The story about Elizalde forming the Quinquaginta band and taking the undergraduates to a music shop to pick out instruments of their choice, then rehearsing them until they could play them well enough, is completely untrue. In fact, it's a classic case of Chinese Whispers: what actually happened was that the band's instruments were destroyed in a fire in the building they were stored in - Elizalde paid for the band to buy new replacement instruments from a music shop in Cambridge. And as already mentioned, he didn't form the band - it was already in existence before he came to England from California.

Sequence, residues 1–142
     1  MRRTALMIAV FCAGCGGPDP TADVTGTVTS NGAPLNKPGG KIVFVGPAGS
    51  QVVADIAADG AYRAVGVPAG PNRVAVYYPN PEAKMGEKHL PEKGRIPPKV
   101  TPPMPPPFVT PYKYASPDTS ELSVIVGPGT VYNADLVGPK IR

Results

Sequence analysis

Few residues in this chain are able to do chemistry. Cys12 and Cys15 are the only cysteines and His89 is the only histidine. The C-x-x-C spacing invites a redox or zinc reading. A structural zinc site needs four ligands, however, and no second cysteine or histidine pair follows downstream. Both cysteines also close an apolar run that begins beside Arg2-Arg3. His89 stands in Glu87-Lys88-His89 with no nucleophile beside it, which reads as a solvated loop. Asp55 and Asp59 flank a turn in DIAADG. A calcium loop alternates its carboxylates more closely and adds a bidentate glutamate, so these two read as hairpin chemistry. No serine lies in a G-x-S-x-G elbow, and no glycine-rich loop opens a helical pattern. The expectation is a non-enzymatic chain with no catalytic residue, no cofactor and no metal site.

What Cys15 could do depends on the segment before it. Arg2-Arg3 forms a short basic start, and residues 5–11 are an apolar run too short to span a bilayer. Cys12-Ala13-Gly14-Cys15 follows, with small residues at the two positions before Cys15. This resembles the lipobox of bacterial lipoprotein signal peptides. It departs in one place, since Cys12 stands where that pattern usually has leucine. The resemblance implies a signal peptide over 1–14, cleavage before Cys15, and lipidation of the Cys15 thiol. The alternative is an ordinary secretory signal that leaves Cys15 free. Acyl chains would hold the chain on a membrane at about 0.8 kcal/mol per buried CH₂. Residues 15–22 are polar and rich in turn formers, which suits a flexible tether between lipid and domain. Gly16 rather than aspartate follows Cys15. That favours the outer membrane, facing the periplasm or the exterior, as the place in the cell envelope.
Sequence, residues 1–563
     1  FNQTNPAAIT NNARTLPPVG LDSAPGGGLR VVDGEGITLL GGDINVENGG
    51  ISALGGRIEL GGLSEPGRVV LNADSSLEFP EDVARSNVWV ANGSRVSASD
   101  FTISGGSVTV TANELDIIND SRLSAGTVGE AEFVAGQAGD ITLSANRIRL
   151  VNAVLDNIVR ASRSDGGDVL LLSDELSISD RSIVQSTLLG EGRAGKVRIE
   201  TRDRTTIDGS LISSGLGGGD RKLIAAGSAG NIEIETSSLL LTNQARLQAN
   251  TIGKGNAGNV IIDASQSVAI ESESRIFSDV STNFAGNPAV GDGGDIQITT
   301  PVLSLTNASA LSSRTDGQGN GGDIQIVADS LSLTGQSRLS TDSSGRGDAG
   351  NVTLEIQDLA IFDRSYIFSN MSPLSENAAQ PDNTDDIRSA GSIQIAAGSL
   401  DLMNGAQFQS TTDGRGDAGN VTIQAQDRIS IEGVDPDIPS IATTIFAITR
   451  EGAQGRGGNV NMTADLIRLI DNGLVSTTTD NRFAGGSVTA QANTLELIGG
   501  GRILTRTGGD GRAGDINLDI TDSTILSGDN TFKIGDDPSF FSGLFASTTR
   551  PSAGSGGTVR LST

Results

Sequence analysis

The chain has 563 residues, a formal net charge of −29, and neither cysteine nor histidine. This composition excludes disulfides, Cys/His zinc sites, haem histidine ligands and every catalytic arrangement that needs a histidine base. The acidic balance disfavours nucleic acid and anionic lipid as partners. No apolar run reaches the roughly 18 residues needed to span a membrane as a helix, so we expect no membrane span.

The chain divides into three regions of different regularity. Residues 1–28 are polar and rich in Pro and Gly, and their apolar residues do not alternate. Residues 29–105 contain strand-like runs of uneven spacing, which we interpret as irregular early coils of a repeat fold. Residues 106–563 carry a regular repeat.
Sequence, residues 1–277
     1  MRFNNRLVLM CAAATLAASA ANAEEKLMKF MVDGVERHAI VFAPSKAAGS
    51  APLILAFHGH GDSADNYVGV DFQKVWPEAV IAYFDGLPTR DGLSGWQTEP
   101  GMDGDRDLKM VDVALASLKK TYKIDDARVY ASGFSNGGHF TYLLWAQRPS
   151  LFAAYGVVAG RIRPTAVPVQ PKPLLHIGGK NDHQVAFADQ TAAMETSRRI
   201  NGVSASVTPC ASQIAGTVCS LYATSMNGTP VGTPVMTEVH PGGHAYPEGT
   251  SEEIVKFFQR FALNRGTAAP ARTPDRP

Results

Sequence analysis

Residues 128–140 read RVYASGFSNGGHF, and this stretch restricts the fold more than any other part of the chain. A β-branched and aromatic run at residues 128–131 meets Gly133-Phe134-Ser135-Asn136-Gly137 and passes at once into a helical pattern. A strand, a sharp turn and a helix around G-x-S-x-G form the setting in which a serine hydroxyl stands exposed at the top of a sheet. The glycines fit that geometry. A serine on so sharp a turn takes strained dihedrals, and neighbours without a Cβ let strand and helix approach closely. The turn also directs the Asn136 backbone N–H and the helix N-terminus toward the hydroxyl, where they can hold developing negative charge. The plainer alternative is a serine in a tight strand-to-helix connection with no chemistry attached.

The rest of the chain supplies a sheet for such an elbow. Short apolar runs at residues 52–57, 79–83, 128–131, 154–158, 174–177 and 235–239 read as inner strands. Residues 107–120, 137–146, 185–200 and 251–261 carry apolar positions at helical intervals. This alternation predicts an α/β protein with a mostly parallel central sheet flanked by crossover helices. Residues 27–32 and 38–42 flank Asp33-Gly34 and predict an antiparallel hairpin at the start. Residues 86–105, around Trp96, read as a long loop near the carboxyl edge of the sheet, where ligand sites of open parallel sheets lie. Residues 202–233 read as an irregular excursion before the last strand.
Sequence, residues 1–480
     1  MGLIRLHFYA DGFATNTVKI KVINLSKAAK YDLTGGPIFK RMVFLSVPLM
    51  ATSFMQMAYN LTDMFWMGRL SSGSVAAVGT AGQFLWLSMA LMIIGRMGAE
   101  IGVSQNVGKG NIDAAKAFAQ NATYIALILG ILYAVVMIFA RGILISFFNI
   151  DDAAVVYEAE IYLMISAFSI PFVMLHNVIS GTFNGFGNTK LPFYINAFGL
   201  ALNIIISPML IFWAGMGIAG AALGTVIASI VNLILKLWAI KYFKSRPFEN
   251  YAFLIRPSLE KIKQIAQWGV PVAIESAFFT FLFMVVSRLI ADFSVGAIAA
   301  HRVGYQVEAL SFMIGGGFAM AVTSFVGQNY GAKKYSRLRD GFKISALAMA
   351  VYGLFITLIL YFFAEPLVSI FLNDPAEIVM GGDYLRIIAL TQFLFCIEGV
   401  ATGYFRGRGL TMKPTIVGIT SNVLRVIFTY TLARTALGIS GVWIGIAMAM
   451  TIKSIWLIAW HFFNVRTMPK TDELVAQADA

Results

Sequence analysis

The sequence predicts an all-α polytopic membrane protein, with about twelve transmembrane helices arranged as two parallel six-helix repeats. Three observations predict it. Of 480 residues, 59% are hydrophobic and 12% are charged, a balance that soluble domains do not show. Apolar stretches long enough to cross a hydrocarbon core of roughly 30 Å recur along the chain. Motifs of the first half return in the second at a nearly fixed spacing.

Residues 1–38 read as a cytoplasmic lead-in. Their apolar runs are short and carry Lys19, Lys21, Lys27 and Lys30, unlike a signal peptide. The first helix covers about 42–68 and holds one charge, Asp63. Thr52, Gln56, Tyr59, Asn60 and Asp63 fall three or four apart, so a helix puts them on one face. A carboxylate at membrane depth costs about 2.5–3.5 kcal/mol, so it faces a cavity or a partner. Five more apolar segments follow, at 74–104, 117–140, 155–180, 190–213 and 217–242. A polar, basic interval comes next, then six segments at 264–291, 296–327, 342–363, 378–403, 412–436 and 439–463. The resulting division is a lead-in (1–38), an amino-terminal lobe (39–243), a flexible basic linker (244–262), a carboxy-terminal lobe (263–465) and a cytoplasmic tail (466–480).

It was these false stories (I guess they'd be called "fake news" today!) that prompted the Quinquaginta band's sax player Dan Wyllie to fire off letters of protest years later, whenever the stories were retold in articles. I have an interview with him on tape somewhere and he talks about the band in some detail, and puts the record straight.
The rest of the article looks OK. I am familiar with it but hadn't read it for years! Ted Walker was a knowledgeable guy, and a nice person as well. His son, Steve Walker, has carried on where his father left off and, in particular, is an expert on early dance bands and ragtime in England.